UNIFEM states that more women compared to men are likely to be poor due to disproportionate opportunities for education, healthcare, employment and control of assets between the two genders. Poverty also increases their chances to the risk of violence among other things and they get deprived of basic rights such as freedom and respect.
Within India and other developing countries, most of the problems are societal. In such countries, where basic sustenance for all members of the family is sometimes difficult, women have to bear the brunt of the shortage of funds for education, food, health and so on, most of the time. Also, social norms in such societies, dictate women to give up careers and education in order to take up household duties, where they probably work harder than the men, but don’t receive any remuneration for it. Even if women are allowed to work formally in many occasions they are usually paid less than men. Compulsory primary school education help to a certain level, but most of the developing countries are unable to afford this set-up.
The Hunger Project compiled the seven major reasons for discrimination against women that leads to hunger and poverty for them in India; malnutrition, poor health, lack of education, overwork, remaining unskilled, mistreatment and powerlessness. Some of these reasons they found not only endanger a woman’s life but also the lives of her children. Such as, the social norm of eating less by women is one of the reasons behind child malnutrition, as they eat less even while pregnant and lactating.
Eradicating this nature of poverty is difficult and will take a long time. We need to work from the roots, where women specific poverty reduction measures are employed. Such as increasing opportunities for education, proper health care and so on for poor women. A paper based on a field survey in India finds that the major obstacle behind reducing female poverty in India is the emphasis on women labourers and inadequate economic opportunities for them (Nadal, 2005). So, we need mechanisms to ensure more participation of women in the earned income bracket as well.
Some governments have introduced compulsory quotas in parliaments and private businesses for promoting more women in the workforce. But, unfortunately in many places, the appointment of women stops once the quota requirement is filled, thus not altering the problem to a great extent. What we lack today is a balance and just showing the importance of participation of women in professional arenas may not make much of a difference. Perhaps, it’s equally pertinent to highlight the importance of participation of men in domestic fronts or studying their behaviour in limiting entry for women in professional fronts? For example, Bjarnegard (2009) instead of focusing on women studied how male parliamentary dominance is maintained in Thailand, which points us to reasons why men are preferred over women in such areas. She mentions that the presence of homosocial capital (comprising of the needs to build links with those having important resources and a psychological liking to join people who can be easily understood, predicted and trusted), which is a political capital accessible only to men makes their dominance possible.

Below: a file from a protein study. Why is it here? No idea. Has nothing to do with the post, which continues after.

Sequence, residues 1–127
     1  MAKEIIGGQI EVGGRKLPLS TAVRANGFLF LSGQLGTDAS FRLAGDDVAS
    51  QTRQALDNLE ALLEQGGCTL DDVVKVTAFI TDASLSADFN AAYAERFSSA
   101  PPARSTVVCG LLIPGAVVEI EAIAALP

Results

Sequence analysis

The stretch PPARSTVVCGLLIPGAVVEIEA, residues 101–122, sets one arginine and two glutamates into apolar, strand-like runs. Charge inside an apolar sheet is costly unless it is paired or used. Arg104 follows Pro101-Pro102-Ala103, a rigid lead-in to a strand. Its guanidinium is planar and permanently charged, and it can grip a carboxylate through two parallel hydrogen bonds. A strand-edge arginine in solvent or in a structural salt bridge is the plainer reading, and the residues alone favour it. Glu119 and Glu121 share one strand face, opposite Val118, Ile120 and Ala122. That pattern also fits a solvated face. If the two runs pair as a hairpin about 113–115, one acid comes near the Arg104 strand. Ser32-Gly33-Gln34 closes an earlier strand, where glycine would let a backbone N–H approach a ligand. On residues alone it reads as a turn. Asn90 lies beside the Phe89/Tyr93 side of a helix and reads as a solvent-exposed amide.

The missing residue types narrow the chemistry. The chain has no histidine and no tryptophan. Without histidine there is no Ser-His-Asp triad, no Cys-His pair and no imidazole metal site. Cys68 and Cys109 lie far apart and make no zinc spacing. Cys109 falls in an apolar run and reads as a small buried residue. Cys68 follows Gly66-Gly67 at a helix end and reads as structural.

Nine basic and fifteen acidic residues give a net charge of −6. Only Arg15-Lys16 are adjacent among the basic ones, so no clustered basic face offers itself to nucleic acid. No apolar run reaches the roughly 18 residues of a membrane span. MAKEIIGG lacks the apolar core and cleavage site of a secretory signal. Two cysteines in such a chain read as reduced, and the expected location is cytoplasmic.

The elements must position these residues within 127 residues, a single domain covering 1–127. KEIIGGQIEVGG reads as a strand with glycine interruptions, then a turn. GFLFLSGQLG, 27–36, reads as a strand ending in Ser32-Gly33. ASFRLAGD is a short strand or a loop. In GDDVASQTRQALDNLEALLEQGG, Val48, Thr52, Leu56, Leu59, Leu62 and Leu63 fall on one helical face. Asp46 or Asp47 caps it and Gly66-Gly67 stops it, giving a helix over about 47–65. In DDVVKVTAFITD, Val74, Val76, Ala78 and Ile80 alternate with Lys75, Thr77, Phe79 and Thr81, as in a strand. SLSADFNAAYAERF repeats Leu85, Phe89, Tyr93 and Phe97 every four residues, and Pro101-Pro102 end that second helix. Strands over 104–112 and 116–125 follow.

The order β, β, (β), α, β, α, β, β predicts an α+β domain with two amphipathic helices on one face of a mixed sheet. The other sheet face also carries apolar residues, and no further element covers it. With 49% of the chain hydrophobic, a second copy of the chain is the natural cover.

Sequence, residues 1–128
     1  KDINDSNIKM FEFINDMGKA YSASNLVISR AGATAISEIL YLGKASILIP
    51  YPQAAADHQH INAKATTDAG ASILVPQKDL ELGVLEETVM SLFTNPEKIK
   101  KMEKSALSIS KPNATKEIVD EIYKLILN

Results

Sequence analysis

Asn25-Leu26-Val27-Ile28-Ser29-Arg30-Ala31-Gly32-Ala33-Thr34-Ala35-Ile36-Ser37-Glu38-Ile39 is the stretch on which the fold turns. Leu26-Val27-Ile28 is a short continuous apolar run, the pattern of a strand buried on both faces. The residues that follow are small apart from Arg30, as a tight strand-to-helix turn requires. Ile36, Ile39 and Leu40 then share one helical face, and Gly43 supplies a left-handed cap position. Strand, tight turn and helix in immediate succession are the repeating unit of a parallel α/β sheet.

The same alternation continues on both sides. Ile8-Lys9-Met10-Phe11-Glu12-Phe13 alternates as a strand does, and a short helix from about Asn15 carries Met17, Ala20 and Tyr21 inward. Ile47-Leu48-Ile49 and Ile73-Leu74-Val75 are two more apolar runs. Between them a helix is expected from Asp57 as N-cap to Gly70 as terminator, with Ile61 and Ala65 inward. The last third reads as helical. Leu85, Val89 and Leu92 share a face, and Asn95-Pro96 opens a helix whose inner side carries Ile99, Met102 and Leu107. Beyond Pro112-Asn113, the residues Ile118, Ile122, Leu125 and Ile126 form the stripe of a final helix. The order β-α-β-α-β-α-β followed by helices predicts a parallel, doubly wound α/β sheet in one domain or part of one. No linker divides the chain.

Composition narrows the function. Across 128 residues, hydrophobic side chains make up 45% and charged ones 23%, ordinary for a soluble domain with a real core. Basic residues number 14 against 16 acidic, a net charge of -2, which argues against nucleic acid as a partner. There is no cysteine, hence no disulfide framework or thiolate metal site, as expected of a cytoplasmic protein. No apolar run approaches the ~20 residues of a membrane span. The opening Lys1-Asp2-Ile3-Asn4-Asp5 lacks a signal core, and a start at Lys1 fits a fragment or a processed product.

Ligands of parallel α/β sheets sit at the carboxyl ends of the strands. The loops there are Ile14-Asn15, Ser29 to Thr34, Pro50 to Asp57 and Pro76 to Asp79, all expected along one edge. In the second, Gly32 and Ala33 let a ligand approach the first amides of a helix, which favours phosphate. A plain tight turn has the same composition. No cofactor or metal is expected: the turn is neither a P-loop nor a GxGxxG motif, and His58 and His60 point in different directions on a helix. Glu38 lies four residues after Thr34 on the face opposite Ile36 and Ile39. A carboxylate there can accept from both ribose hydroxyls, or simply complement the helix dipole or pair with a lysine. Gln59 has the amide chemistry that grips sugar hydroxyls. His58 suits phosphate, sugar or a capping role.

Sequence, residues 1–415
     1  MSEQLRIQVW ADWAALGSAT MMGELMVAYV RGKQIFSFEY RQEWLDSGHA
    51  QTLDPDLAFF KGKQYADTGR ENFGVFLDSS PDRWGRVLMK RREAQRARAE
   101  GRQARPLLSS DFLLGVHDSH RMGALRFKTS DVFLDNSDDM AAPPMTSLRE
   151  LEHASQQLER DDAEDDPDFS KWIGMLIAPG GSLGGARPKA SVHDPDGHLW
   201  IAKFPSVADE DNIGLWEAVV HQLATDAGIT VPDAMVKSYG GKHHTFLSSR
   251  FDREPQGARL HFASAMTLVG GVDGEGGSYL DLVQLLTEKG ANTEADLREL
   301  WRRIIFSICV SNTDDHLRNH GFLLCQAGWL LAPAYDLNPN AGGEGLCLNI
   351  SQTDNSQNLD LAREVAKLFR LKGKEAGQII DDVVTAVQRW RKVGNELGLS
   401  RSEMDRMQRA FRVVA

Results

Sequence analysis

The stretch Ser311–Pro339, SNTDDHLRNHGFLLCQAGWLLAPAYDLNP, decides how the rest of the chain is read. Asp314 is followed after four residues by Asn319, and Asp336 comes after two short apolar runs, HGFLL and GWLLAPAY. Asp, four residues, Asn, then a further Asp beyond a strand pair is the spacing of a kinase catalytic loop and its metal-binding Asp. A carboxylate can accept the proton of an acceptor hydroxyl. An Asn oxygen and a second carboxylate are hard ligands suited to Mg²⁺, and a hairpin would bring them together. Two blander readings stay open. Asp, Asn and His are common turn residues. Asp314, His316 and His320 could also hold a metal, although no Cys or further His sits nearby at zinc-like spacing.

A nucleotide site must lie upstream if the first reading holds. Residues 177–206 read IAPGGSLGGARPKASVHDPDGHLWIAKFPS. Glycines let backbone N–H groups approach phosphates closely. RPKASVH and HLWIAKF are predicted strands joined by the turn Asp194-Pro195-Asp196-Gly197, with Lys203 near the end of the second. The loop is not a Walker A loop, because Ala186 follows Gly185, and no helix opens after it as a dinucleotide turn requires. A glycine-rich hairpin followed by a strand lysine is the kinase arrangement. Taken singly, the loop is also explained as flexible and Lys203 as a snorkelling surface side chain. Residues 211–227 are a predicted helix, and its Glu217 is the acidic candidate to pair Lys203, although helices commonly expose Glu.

Also, property laws cross country should promote equality among both genders. They are more female headed households in India today, and societies need to make provisions for this increasing trend in future, by ensuring equality in pay, promotions and resources between both the genders.
It’s obviously easier said than done, but the more we say, the more we tend to approach a solution. Thus, by assembling these bricks together today, we hope that tomorrow we might be able to ensure every female in India and other developing countries have economic freedom and prosperity.
1. Nadal, Santosh (2005) Extent and Causes of Gender and Poverty in India: A Case Study of Rural Haryana, Journal of International Women’s Studies, vol. 7, no. 2, pp.182 – 190.
2. Bjarnegard, Elin (2009) Men in Politics. Revisiting Patterns of General Parliamentary Representation in Thailand and Beyond. Department of Government. Uppsala, Uppsala University.
By Parama Bal